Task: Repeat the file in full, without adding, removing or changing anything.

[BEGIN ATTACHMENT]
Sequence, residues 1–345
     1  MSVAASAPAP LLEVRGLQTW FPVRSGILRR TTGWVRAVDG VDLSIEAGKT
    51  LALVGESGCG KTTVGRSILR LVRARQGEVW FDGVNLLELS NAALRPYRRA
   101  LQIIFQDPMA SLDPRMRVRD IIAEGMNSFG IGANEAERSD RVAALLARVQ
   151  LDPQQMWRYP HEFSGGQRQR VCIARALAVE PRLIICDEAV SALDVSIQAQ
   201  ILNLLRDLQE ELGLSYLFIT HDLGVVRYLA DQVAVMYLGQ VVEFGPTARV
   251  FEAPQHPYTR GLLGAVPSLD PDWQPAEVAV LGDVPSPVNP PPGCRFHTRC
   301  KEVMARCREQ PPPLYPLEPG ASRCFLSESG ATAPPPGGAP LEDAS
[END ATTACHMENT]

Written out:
Sequence, residues 1–345
     1  MSVAASAPAP LLEVRGLQTW FPVRSGILRR TTGWVRAVDG VDLSIEAGKT
    51  LALVGESGCG KTTVGRSILR LVRARQGEVW FDGVNLLELS NAALRPYRRA
   101  LQIIFQDPMA SLDPRMRVRD IIAEGMNSFG IGANEAERSD RVAALLARVQ
   151  LDPQQMWRYP HEFSGGQRQR VCIARALAVE PRLIICDEAV SALDVSIQAQ
   201  ILNLLRDLQE ELGLSYLFIT HDLGVVRYLA DQVAVMYLGQ VVEFGPTARV
   251  FEAPQHPYTR GLLGAVPSLD PDWQPAEVAV LGDVPSPVNP PPGCRFHTRC
   301  KEVMARCREQ PPPLYPLEPG ASRCFLSESG ATAPPPGGAP LEDAS